Parathyroid Hormone-Related Protein in the Hand or Out of Hand?

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Endocrinol Metab. 2018;33(2):202-203
Publication date (electronic) : 2018 June 21
doi :
Department of Internal Medicine, Seoul National University College of Medicine and Boramae Medical Center, Seoul, Korea.
Corresponding author: Sang Wan Kim. Department of Internal Medicine, Seoul National University College of Medicine and Boramae Medical Center, 20 Boramae-ro 5-gil, Dongjak-gu, Seoul 07061, Korea. Tel: +82-2-870-2223, Fax: +82-870-3863,

In humans, the parathyroid hormone like hormone (PTHLH) gene is located on the short arm of chromosome 11. The protein encoded by this gene is parathyroid hormone-related protein (PTHrP). PTHrP is normally produced in many tissues and acts at those sites in a paracrine manner. Knockout mice of the PTHLH or the parathyroid hormone (PTH) receptor 1 (PTHR1) genes and transgenic mice overexpressing PTHR1 in chondrocytes revealed the physiologic action of PTHrP in endochondral bone formation [1]. These results demonstrated that PTHrP controls the pace of growth plate development by delaying the premature differentiation of chondrocytes. Therefore, haploinsufficiency of PTHLH accelerates the premature differentiation of chondrocytes, without maintaining a sufficient pool of chondrocytes for normal bone size to be attained [23]. Furthermore, haploinsufficiency of PTHLH has been identified as a cause of brachydactyly type E (BDE), which is commonly associated with short stature [456].

Bae and colleagues [7] reported a novel mutation in PTHLH in a mother and son who presented with brachydactyly in the current issue of Endocrinology and Metabolism. However, the affected mother and son did not show short stature, and her breast development was normal. A review of previously reported patients showed that intrafamilial variability occurs in the digits affected in all patients with PTHLH mutation-related BDE [8]. Of the 27 reported patients, eight had normal height and only three had dental anomalies. The reason for this phenotypic variability in patients with PTHLH mutation-related BDE remains unclear. Very interestingly, PTHrP and PTH both interact with PTHR1. However, PTHrP has a much broader spectrum of effects and it shows more complex biological behavior. There are three splice-variant isoforms of PTHrP: PTHrP 1–139, 1–143, and 1–173. The physiologic significance of these distinct transcripts is uncertain. In addition, post-translational processing events result in N-terminal, mid-region, and C-terminal peptides, depending on the cleavage site. The existence of these peptides suggests the possibility of distinct receptors. Moreover, some biological actions of PTHrP are cell surface-independent [9]. This complexity means that many questions have remained unanswered to this day. Bae and colleagues [7] reported that a novel c.169 C>T mutation yielded a stop codon at position 57. Further studies are needed to elucidate the biological function and tissue-specificity of the protein encoded by this mutation, which were not addressed in the current study.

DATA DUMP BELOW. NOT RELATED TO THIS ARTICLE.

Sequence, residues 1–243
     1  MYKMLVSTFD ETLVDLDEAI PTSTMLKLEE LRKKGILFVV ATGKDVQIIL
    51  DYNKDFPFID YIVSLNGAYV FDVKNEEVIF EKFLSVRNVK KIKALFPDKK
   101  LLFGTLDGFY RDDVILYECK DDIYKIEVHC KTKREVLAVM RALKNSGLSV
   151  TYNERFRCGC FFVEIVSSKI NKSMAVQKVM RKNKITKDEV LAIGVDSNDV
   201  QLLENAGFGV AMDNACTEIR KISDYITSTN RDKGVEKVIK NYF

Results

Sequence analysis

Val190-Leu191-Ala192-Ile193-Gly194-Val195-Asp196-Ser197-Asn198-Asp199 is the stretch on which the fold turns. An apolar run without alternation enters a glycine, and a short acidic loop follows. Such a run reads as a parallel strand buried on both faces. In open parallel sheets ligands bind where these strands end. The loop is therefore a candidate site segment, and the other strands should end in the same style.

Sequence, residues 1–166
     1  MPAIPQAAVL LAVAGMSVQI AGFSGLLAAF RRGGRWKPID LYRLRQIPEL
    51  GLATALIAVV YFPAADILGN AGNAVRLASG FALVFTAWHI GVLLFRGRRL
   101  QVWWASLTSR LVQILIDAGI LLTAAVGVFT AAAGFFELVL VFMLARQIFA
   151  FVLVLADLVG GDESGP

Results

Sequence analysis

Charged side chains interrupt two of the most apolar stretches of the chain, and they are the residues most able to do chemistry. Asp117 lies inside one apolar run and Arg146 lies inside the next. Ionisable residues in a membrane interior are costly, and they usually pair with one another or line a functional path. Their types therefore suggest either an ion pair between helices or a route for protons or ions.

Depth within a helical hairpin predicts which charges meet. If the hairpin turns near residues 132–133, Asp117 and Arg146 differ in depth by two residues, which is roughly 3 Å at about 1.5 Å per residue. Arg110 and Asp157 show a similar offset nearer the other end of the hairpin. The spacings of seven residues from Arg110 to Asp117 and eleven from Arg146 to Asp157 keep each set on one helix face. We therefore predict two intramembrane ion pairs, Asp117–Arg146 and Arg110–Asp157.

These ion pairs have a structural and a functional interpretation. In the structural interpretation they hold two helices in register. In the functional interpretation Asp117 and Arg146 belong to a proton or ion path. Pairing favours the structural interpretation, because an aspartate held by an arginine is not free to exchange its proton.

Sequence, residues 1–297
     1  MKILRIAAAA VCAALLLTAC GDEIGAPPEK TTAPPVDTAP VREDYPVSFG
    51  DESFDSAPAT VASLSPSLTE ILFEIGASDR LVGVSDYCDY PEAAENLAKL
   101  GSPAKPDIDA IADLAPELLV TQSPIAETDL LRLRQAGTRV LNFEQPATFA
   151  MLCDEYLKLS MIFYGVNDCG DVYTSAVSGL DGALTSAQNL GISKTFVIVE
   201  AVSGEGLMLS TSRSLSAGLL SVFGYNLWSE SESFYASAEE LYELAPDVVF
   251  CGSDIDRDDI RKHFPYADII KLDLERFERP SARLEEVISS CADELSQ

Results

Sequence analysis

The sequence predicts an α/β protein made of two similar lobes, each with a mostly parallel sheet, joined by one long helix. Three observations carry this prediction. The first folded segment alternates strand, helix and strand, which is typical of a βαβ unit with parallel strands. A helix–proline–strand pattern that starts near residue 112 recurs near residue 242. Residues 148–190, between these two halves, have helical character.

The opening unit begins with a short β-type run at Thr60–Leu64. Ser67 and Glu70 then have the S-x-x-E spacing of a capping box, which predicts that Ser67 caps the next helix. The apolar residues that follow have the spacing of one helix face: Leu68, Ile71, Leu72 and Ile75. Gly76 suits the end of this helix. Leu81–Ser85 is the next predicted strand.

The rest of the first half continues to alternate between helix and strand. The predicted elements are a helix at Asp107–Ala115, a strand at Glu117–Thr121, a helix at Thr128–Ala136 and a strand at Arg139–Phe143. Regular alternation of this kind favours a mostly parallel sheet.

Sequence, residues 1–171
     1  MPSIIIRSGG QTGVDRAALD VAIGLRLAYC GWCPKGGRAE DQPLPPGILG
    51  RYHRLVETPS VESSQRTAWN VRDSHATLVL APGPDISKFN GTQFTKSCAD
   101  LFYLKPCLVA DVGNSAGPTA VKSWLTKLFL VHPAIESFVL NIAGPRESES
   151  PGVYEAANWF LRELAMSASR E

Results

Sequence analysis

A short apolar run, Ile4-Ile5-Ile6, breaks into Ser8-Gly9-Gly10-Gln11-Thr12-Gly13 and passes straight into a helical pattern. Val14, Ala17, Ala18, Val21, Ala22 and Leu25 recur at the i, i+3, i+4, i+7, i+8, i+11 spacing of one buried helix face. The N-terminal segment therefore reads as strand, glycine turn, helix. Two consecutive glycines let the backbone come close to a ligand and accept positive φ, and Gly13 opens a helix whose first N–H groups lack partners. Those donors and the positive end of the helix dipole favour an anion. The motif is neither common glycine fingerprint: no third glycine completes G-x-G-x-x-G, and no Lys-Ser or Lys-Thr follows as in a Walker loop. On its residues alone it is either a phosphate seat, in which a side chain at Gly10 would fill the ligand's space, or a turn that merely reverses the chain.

Finally, Bae and colleagues [7] performed whole exome sequencing in their study. PTHrP-PTHR1 signaling activates the Gsα (stimulatory G-protein)-cAMP (cyclic adenosine monophosphate)-PKA (protein kinase A)-PDE4D (phosphodiesterase 4D) pathway. Mutations in genes involved in this pathway cause pseudohypoparathyroidism and pseudopseudohypoparathyroidism (by GNAS [guanine nucleotide binding protein, alpha stimulating] alterations) and acrodysostosis (by PRKAR1A [protein kinase cAMP-dependent type I regulatory subunit alpha] or PDE4D mutations). All these diseases are associated with BDE. Therefore, target gene sequencing would be reasonable to identify the genetic cause in a family that presents with BDE.

In conclusion, this study published in Endocrinology and Metabolism reminds readers of the important role of PTHrP in human skeletal development. The protein is clearly secreted in our hands, but extensive understanding of this complex protein is still not in our hands. Further investigations are needed to understand the relevance of mutant PTHLH proteins and phenotypic variability in patients with PTHLH mutations.


CONFLICTS OF INTEREST: No potential conflict of interest relevant to this article was reported.


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